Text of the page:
Introduction to TSD
Theatre Studies and Drama (TSD) is a demanding yet rewarding ‘A’ Level subject aimed at students with a genuine interest in Theatre and Drama. The course is very different from the usual academic subjects and requires an open mind, a willingness to reflect and persevere, and an ability to think for oneself. Students need to conduct their own research and select material for monologues, duologues and group performances. Students also need to have a good level of spoken and written English and be able to work with initiative both as an individual and as part of a collaborative team.
Students study key texts in different genres and examine ways of approaching scripts from the point of view of a theatre maker. The theoretical side concerns aspects such as social, cultural and historical influences.
There are weekly practical workshops where the students explore the elements of drama, approaches to performance and different conventions and theatre styles. This includes areas such as mask and Commedia Dell’Arte, Physical Theatre, Experimental Theatre and the work of practitioners such as Brecht, Artaud, Boal and Stanislavski.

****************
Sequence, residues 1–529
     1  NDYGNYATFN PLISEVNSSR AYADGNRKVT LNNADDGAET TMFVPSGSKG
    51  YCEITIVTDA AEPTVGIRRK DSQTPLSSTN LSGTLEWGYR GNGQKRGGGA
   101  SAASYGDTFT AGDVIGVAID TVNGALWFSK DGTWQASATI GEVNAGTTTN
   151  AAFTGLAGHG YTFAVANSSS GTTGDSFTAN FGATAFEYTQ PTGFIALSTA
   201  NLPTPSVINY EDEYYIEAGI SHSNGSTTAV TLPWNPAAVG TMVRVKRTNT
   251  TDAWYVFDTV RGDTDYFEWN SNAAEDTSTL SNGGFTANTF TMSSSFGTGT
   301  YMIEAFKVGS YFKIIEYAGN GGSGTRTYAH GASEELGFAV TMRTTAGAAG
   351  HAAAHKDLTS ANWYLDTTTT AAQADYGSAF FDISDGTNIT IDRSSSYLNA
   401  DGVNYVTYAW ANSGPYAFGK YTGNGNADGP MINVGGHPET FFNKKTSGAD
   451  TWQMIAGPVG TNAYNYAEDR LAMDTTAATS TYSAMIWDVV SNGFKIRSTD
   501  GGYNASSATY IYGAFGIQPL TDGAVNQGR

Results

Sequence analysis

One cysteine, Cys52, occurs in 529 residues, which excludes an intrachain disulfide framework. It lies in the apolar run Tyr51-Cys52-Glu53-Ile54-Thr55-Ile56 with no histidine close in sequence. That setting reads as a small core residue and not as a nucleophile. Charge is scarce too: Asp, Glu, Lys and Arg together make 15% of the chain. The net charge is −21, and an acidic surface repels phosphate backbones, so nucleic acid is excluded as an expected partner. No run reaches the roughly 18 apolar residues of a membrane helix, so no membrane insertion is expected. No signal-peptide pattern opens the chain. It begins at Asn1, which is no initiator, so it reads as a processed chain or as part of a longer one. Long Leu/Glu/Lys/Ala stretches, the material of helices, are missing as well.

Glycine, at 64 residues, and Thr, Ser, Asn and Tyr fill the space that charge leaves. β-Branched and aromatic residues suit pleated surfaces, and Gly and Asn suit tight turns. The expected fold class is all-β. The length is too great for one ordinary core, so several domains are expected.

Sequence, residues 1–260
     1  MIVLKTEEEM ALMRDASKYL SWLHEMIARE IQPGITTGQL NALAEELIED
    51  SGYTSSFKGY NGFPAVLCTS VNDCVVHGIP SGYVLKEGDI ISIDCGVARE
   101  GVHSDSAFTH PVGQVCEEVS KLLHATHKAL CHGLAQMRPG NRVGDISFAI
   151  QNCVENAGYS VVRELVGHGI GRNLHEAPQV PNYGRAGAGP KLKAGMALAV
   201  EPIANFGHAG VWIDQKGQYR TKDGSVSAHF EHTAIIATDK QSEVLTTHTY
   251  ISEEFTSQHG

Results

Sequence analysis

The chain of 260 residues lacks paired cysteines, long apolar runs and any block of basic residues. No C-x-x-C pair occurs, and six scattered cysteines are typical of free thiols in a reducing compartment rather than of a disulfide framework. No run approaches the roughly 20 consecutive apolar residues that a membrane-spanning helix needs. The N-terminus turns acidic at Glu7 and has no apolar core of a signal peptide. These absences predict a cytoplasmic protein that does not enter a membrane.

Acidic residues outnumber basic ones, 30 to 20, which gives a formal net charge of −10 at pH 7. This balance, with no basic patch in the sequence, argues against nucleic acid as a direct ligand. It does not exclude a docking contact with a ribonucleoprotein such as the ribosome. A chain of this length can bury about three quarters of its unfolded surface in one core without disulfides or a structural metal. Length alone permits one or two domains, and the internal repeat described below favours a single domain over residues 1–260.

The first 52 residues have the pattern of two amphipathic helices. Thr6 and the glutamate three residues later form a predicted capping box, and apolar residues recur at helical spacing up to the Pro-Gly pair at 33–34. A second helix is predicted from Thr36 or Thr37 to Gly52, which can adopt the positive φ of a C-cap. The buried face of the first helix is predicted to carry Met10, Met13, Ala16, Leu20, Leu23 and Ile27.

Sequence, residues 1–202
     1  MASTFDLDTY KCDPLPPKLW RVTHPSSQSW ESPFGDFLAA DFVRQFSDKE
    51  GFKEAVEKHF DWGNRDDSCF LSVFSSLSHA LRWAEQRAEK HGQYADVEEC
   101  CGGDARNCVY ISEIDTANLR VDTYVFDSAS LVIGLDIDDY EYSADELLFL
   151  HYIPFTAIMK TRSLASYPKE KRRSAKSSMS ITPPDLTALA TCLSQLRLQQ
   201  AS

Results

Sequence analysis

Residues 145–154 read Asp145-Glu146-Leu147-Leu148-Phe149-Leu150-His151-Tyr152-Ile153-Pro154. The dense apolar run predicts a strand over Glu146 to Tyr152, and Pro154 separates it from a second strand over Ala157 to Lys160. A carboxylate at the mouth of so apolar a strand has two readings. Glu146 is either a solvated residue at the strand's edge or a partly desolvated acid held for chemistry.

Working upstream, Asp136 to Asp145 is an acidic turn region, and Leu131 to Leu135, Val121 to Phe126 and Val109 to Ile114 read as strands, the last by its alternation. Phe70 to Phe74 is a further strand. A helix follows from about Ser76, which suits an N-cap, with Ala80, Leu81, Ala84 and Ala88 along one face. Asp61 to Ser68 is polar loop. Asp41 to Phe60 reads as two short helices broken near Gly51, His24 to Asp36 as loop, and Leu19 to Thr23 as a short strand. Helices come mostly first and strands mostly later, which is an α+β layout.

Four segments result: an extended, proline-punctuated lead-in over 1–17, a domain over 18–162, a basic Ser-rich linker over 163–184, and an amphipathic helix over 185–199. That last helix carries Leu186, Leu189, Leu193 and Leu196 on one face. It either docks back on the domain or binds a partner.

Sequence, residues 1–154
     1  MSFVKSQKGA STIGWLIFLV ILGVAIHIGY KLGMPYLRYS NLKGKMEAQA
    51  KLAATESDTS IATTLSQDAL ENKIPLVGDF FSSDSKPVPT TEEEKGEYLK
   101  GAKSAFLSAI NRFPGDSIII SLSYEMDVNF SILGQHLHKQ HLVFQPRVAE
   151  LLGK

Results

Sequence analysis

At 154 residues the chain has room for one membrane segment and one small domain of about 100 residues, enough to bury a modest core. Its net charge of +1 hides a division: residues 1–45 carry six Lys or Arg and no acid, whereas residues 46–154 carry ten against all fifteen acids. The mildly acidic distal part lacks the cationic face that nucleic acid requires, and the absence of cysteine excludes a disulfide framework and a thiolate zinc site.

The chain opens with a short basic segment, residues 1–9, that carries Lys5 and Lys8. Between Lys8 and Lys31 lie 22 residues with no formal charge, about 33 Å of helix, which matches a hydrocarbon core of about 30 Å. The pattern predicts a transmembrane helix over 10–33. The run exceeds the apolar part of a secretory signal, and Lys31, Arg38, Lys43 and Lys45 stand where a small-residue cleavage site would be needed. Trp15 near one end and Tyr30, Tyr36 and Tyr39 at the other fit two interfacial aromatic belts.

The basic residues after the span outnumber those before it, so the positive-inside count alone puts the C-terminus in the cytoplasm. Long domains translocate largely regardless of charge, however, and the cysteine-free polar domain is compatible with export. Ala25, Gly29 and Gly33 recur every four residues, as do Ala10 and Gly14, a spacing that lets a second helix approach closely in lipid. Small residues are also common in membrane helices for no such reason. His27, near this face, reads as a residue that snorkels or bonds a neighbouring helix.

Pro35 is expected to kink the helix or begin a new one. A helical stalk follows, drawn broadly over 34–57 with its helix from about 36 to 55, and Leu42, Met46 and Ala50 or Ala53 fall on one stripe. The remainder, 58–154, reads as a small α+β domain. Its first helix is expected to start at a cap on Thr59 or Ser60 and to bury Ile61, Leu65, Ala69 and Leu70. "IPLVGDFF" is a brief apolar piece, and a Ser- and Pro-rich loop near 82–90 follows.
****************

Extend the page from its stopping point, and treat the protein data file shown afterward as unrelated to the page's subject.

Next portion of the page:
TSD is designed to be part of a balanced ‘A’ Level program and it is not a career-oriented training program. Many students have actually gone on to pursue film/theatre/performing arts at a higher level but the course offers openings to a wide range of careers.
The course emphasises the skills of independent, imaginative and lateral thinking. At the same time, the course demands and rewards teamwork, resilience, and problem-solving approaches to shared targets. These skills help prepare students for any career that requires effective communication, imagination, initiative and a cooperative mindset – all the skills that are currently in demand, both in the government and the private sectors (in areas such as law, media, sales, teaching, advertising and management).
The College makes available several facilities for TSD students. Classes are conducted in the air-conditioned Drama Studio Complex (almost an entire block dedicated to the subject) incorporating two black-box style performance spaces (that are also used for workshop sessions), a costume room and a resource/consultation room. There is also a bigger studio theatre (LT AVA) complete with sound and lighting equipment, as well as the state-of-the-art 800-seater VJC Performance Theatre.